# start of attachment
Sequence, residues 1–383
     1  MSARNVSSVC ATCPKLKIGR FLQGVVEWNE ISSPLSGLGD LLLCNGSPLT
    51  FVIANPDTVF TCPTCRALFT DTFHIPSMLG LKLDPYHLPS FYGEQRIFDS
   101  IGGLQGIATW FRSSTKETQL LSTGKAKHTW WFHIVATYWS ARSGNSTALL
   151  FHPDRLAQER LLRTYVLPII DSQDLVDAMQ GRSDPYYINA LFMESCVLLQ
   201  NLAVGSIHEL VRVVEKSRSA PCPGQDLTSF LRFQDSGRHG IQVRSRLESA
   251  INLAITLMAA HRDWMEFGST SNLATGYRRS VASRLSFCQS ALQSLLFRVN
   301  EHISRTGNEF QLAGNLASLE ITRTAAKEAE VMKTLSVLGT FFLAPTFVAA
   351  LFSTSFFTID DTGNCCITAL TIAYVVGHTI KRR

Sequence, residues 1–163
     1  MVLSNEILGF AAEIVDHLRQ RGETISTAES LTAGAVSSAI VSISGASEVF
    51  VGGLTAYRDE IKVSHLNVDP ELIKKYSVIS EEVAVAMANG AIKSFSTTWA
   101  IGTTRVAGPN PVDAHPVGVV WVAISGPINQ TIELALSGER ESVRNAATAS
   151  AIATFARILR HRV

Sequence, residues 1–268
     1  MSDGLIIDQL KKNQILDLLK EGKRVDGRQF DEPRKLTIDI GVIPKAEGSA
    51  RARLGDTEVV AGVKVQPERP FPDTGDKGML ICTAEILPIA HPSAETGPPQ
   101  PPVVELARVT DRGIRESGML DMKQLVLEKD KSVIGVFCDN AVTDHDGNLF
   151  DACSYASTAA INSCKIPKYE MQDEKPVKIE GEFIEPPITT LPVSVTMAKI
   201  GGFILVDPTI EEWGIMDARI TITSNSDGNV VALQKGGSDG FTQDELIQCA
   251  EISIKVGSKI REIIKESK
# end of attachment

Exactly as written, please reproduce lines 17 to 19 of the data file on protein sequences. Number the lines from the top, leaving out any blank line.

    51  RARLGDTEVV AGVKVQPERP FPDTGDKGML ICTAEILPIA HPSAETGPPQ
   101  PPVVELARVT DRGIRESGML DMKQLVLEKD KSVIGVFCDN AVTDHDGNLF
   151  DACSYASTAA INSCKIPKYE MQDEKPVKIE GEFIEPPITT LPVSVTMAKI